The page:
In Part 1 of our Dog Owner’s Guide to Ticks we talked about why ticks pose a danger to dogs, the different types of ticks, and where ticks live. Part 2 outlined ways to protect your dog against ticks and Part 3 will explain what to do if you find ticks on your dog, including the proper way to remove a tick from a dog.
As I mentioned previously, we had a lovely hike the other day, followed by several hours of removing ticks from the dogs. Since Emi has short hair, the few ticks on her were easy to spot. In a matter of minutes she was clean and ready for more sunshine.
Luca on the other hand was a mess. Not only was his wet, long fur matted with burs, leaves and sticks but there were about 100 ticks buried in his fur that had to be carefully removed. Luckily he was dog tired and laid patiently still.
Here are some tips on how to safely remove ticks from your dog.
1. Don’t wait, the sooner you remove ticks the easier it will be and the less likely your dog will be to contract a disease from the tick.
2. Lay a light colored sheet out on the floor of your house, preferably a room without carpet. This will allow you to see any “escaping” ticks and to capture them before they start hiding in your carpet or traveling throughout the house.
3. Place your dog on the sheet and thoroughly check your dog for ticks by using a flea comb or slowly working your way through their fur with your hands. You’ll want to gently pull the hair back so you can see all the way down to the skin. Don’t be deceived by dogs with short hair, ticks can still hide under short hair and attach more quickly to the dog’s skin.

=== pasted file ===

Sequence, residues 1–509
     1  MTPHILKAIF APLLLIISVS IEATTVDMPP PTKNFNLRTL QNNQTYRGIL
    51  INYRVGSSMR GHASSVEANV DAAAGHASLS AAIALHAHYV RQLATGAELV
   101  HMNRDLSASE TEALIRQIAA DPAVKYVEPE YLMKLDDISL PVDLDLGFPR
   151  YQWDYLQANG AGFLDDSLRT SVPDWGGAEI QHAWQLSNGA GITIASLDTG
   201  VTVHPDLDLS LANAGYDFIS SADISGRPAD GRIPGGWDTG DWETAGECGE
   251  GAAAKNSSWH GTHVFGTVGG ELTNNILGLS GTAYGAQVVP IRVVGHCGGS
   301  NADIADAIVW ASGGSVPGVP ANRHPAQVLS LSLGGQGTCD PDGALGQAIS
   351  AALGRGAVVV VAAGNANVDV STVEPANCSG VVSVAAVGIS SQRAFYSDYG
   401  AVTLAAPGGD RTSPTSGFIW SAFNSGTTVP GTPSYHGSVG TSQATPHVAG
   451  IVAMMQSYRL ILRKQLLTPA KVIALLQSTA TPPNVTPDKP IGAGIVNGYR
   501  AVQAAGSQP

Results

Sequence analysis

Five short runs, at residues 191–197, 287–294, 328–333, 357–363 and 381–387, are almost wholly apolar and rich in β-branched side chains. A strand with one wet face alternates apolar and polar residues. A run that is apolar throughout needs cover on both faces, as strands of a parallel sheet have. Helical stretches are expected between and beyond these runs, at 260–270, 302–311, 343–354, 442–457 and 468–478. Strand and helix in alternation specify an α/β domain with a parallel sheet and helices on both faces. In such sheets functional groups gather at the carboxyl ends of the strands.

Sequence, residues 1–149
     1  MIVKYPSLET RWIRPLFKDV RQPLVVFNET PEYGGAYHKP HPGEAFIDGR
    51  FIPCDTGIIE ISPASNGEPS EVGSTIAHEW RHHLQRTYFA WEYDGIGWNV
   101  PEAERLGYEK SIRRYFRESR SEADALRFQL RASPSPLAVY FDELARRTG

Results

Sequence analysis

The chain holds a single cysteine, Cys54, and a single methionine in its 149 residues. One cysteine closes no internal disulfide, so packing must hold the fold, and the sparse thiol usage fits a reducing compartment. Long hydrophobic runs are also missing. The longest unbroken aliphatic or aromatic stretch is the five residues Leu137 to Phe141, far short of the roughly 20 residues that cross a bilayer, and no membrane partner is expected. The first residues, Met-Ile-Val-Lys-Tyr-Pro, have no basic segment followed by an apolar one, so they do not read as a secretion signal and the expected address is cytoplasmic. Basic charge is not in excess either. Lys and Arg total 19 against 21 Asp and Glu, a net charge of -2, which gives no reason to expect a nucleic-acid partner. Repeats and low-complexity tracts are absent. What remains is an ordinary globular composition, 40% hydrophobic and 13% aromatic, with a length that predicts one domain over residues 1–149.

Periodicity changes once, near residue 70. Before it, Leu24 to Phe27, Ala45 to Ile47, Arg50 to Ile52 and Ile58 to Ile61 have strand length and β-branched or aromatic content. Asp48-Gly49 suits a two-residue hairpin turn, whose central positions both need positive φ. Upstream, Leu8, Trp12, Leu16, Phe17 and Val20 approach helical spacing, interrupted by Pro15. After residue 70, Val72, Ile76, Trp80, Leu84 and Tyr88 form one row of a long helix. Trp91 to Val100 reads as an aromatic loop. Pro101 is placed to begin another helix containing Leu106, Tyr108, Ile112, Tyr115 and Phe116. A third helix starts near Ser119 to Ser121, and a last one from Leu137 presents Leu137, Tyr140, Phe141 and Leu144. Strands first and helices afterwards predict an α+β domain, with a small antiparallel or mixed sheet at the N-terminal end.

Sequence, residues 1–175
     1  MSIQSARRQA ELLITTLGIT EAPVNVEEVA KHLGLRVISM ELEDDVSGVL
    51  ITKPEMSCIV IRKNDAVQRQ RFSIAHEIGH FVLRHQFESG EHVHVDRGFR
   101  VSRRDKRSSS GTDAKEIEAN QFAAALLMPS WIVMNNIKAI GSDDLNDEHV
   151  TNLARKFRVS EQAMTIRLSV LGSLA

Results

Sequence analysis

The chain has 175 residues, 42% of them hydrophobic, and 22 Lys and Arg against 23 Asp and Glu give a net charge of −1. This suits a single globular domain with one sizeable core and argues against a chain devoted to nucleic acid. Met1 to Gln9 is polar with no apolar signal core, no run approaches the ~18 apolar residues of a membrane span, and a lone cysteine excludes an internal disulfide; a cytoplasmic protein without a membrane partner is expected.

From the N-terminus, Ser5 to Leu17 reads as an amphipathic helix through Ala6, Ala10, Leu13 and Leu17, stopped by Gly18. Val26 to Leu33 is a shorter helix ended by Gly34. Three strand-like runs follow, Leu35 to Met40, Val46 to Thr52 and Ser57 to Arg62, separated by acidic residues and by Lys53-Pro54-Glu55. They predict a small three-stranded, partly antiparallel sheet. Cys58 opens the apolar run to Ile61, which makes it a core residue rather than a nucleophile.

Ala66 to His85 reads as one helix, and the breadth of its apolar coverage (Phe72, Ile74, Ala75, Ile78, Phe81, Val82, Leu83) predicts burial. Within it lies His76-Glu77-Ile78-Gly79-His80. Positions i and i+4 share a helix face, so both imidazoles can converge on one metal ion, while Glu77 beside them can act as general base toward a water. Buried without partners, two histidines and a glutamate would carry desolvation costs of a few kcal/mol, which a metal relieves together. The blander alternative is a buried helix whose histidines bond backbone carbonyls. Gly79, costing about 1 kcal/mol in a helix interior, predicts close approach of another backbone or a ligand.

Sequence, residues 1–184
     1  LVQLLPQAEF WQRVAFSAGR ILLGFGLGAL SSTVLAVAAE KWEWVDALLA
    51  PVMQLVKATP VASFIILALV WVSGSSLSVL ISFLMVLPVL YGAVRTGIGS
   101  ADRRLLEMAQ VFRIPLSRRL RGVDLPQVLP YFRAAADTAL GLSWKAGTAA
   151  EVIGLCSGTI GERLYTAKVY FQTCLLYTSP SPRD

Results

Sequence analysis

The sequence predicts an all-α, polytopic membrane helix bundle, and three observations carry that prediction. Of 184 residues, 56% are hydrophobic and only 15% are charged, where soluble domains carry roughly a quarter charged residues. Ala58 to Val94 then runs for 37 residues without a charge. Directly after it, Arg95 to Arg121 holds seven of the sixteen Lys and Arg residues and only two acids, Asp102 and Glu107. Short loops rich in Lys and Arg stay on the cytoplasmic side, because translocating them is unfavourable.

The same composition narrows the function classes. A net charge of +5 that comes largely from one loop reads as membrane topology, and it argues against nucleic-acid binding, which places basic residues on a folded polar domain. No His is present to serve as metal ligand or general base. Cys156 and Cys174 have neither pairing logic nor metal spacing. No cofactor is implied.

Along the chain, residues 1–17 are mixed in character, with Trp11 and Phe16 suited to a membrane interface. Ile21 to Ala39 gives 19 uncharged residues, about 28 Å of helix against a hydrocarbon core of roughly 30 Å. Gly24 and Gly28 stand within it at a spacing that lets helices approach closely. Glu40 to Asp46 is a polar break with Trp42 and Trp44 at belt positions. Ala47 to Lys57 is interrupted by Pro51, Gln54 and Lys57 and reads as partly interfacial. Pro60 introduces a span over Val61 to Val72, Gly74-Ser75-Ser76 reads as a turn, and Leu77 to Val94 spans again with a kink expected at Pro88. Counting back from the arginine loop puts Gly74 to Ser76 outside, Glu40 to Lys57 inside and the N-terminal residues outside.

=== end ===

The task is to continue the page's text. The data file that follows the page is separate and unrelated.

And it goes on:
Check your dog from head to tail. Pay extra close attention around the head and chest and don’t forget to look inside the ears and between toes and paw pads. Remove the dog’s collar during the examine and check the collar for ticks as well.
4. You’ll need the following tools for safe tick removal:
- pointy tweezers
- jar partially filled with water (or rubbing alcohol) or a zipper style plastic bag
- cotton swabs or cotton balls
- apple cider vinegar
5. Grasp the tick as close to the skin’s surface as possible. Pull upward with steady, even pressure.
Don’t twist or jerk the tick, you want to avoid breaking off parts of the tick or crushing it while attached to the dog.
6. Place the tick in the jar or plastic bag, you can drown it in the jar or smother it in the bag but keep an eye on them to make sure they are dead. Ticks are hard to kill.
7. Clean the bite area using the apple cider vinegar and cotton swabs or cotton balls.
8. Watch the area for the next several weeks for signs of reaction or infection and notify your veterinarian if you notice anything unusual.